10 Shortcuts Only The Smartest Job Seekers Know
By Bernard Marr
Job searching can be a tedious, depressing, and long-term project if you don’t know some of the shortcuts that the smartest job seekers take to decrease the number of applications they make and the length of their job search.
Apply these tips to your job hunt and you’re likely to see excellent results:
1. Have a clear, concise “elevator pitch.”
Ever heard the phrase, “it’s not what you know, it’s who”? Networking is especially important when job hunting, but you’ve got to make it easy on the people you’re asking for referrals. Come up with a clear, concise statement of what kind of job you’re looking for and why you’d be a good fit. For example, “I’m thinking I might want to do something in finance. Or maybe accounting,” is not a good way to network — the person has no idea how to help you. On the other hand, saying “I’m looking for an upper-level finance position with a Fortune 500 company where I can put my strong analytical skills to good use,” tells the listenerexactly what you’re looking for so they know whether or not they can help you.
2. Be clear about where you’re headed more than where you’ve been.
Your job search is about your future — not your past. So spend more time talking about the position you want than the positions you’ve had, in your resume, your cover letters, and interviews. For example, don’t list your current position as the headline on your LinkedIn profile, list the position you’re seeking.
3. Pay close attention.
Hiring managers often disqualify people for seemingly small things — missing a question in the application or having a typo in their cover letter — not because they’re being mean, but because they want smart, focused employees who pay attention to details. In fact, it’s not unheard of for companies to make applicants jump through very specific hoops in the application process (like requesting a particular subject line in an email or a particular piece of information in the cover letter) to weed out people who aren’t paying attention. Read job posts and applications thoroughly, provide all the information requested, and triple check anything you send out for spelling and typos to make the best possible first impression.
4. Check job listings in multiple places.
Don’t stop at the big job sites like CareerBuilder and Monster; look for job boards in your particular niche or industry, check out government job boards, and nonprofit job boards. Smaller job boards and sites draw fewer visitors, and you might have less competition for the jobs listed. Use a job board search aggregator to help minimize the time you spend searching.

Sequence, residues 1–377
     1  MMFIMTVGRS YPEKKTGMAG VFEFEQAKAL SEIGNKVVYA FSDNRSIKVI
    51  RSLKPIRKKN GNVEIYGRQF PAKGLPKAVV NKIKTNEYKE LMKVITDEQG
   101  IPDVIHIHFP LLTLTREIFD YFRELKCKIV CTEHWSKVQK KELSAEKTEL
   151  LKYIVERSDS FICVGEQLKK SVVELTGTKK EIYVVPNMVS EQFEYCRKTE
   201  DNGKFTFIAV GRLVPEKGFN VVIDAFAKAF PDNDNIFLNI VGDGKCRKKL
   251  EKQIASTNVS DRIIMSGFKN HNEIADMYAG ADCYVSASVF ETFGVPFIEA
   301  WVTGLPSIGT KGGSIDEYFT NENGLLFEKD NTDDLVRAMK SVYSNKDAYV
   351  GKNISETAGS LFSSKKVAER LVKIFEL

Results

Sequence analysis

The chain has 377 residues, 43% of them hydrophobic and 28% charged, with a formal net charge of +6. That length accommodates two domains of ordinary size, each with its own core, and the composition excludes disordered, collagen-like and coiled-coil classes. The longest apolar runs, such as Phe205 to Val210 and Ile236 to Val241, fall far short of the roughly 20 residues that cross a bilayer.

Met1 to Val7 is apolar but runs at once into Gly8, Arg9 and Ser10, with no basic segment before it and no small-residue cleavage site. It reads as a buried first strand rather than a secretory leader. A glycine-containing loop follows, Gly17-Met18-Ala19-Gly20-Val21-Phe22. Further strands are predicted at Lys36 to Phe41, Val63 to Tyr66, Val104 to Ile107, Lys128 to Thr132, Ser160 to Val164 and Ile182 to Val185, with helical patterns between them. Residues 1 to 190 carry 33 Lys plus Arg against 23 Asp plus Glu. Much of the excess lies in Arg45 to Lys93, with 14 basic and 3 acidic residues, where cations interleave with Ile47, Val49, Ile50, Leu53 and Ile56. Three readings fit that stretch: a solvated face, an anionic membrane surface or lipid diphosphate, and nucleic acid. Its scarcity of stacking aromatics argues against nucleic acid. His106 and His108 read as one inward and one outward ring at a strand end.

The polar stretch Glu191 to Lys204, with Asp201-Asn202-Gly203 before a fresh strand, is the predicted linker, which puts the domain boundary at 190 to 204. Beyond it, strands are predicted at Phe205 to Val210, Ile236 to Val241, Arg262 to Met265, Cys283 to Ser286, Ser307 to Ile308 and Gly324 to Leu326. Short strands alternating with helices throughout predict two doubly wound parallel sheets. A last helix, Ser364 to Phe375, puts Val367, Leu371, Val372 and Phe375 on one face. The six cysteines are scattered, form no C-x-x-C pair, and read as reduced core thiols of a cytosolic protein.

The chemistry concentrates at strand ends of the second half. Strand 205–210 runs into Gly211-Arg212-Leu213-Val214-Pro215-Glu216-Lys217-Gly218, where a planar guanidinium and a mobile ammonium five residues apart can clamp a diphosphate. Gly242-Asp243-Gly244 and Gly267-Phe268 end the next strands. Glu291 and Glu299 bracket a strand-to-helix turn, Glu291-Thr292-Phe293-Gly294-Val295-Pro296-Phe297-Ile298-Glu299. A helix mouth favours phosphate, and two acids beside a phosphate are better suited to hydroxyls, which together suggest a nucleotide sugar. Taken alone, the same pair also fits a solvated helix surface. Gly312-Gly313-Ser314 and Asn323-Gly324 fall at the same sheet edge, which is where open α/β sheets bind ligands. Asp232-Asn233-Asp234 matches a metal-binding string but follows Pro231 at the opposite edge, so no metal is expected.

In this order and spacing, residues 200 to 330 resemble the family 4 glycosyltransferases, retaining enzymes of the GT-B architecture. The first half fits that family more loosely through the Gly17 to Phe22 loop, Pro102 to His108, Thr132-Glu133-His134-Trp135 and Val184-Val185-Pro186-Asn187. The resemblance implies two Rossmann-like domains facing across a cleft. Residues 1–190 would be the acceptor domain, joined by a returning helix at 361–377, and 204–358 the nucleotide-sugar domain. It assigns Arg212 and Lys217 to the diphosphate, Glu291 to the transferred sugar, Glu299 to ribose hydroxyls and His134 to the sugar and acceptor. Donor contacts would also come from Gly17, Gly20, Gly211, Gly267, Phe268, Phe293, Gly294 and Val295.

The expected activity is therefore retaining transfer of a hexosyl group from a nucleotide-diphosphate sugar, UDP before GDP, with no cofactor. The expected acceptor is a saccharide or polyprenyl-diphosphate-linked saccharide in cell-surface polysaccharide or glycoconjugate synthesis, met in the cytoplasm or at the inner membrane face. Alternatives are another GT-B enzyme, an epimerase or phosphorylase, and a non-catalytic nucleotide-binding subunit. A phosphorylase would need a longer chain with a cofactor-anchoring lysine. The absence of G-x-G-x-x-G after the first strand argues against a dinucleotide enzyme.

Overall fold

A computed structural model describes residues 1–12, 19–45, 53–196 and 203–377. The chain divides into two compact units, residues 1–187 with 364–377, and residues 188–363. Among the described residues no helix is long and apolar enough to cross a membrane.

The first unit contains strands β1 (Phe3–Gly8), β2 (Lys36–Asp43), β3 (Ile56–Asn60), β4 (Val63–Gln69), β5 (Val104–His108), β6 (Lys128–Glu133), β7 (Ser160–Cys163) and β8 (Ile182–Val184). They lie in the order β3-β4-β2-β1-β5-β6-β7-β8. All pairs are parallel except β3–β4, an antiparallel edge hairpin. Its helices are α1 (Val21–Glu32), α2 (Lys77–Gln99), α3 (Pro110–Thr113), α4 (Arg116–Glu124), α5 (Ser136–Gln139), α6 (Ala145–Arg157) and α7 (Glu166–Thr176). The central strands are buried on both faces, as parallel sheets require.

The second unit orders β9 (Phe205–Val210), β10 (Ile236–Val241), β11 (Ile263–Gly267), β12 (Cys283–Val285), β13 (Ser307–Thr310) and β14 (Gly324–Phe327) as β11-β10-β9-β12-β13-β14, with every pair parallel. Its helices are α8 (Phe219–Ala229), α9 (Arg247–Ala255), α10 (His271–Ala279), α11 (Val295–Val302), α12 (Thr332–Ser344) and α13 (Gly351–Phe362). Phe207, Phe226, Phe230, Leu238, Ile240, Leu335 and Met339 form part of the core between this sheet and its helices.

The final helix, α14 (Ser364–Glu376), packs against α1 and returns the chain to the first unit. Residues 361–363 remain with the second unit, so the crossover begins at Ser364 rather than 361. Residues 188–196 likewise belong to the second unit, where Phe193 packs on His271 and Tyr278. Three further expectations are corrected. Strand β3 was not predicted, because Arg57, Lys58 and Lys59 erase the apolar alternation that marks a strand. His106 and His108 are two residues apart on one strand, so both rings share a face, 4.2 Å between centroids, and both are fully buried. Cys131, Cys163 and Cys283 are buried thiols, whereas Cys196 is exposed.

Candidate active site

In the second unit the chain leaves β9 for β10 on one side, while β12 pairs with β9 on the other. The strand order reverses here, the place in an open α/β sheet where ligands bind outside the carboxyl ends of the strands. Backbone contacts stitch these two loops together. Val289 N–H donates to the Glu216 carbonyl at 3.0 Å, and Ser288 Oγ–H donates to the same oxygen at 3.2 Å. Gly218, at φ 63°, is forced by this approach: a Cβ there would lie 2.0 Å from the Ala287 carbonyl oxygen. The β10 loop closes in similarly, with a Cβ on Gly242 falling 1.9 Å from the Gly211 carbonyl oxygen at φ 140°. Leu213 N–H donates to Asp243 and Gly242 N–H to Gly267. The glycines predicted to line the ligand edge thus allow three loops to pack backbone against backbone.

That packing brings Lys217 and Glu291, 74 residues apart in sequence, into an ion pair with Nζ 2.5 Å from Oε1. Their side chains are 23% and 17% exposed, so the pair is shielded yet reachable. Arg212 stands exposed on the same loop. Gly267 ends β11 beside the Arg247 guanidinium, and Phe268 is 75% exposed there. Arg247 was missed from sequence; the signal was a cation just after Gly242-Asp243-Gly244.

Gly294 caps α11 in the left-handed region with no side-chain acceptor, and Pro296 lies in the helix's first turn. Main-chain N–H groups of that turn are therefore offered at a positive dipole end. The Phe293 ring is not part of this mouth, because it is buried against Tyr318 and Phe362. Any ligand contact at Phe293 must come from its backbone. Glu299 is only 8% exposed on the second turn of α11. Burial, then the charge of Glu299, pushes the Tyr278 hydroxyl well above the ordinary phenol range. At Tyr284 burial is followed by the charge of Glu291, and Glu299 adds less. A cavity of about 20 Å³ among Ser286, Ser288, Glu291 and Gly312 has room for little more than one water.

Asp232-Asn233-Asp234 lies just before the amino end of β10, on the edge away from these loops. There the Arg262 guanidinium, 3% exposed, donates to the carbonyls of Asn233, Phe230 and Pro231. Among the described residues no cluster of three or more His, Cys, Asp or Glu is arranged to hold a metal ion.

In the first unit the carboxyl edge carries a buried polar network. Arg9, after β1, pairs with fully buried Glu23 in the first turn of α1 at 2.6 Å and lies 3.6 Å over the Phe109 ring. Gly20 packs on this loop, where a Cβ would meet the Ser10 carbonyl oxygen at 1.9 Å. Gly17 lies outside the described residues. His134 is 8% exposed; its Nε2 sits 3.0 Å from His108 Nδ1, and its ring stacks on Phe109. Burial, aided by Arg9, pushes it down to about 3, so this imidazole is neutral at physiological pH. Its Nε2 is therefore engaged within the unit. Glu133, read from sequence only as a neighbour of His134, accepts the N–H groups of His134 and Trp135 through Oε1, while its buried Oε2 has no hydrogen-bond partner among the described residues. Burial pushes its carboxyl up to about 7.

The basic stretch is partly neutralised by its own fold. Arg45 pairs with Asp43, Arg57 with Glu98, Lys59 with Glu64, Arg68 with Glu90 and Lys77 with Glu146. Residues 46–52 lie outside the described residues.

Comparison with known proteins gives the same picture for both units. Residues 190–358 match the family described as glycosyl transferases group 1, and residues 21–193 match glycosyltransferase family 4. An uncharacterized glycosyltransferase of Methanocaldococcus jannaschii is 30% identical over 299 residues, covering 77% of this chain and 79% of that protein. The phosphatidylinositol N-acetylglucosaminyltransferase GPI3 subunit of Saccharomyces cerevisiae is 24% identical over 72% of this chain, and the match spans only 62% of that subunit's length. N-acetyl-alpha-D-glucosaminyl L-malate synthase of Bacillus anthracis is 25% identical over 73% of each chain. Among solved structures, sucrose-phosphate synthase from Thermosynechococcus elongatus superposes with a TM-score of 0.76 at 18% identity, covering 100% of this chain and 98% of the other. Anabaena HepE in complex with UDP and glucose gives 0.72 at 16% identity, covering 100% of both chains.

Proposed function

5. Stay organized.
If you’re applying to many different jobs, become meticulously organized. Write down details you might need to know later, like where you saw the job posted, when you applied, who you contacted, when you should/did follow up, who you spoke with at the company, etc. It will help keep you from duplicating your efforts, ensure you follow up with every lead, and possibly save you from embarrassment later.
6. Stick to a schedule.
Whether you’re unemployed and looking for work, or working full time and looking for a change, make yourself a simple schedule for job hunting activities and stick to it. Give yourself a weekly goal of applying to a certain number of jobs or sending out a certain number of networking emails so that you can see how you’re making progress — even if you haven’t landed the perfect job yet.
7. Do a social media audit.
Pretend you’re a recruiter looking to hire you, and Google yourself. Know what comes up, and take steps to remove anything unprofessional. Look at all of your social media accounts with a discerning eye. Check privacy settings on Facebook so that your private photos and status updates stay locked down. And optimize your LinkedIn profile so that potential employers can easily find you.
8. Be prepared.
When you start job hunting, also start collecting any additional collateral you might need: draft a resume and cover letter “template” that you can easily customize for each job application, collect references in case you are asked for them, etc.
9. Be memorable.
Don’t go so overboard that you make a poor impression, but strive to be memorable. Prepare and ask interesting questions during an interview; tell interesting (and relevant) stories during your interview; show your personal style with a brightly colored accessory; or send a memorable thank you note. One young woman I know was told that the blue streaks in her hair had to go if she wanted to get a job, but she got a second interview and ultimately got the job with a funky local magazine because they remembered her for her hair.
10. Bring something helpful to the table.
If you’re in a position to do so, use the “briefcase technique” at your next job interview. Before the interview, prepare a proposal of how you would fix one of the company’s most pressing problems. During the interview, pull the proposal out of your briefcase (hence the name) and demonstrate your expertise, talents, and preparation for the position. This technique won’t work for all job types, but when it does, it makes a huge positive impression.
This article was originally published on LinkedIn
About the Author: Bernard Marr is a bestselling business author and is globally recognized as an expert in strategy, performance management, analytics, KPIs and big data. His new book is ‘Big Data – Using Smart Big Data, Analytics and Metrics To Make Better Decisions and Improve Performance‘. You can read a free sample chapter here . He regularly writes about management, technology as well as the mega-trend that is Big Data for LinkedIn and Forbes. Feel free to connect via Twitter, Facebook and The Advanced Performance Institute.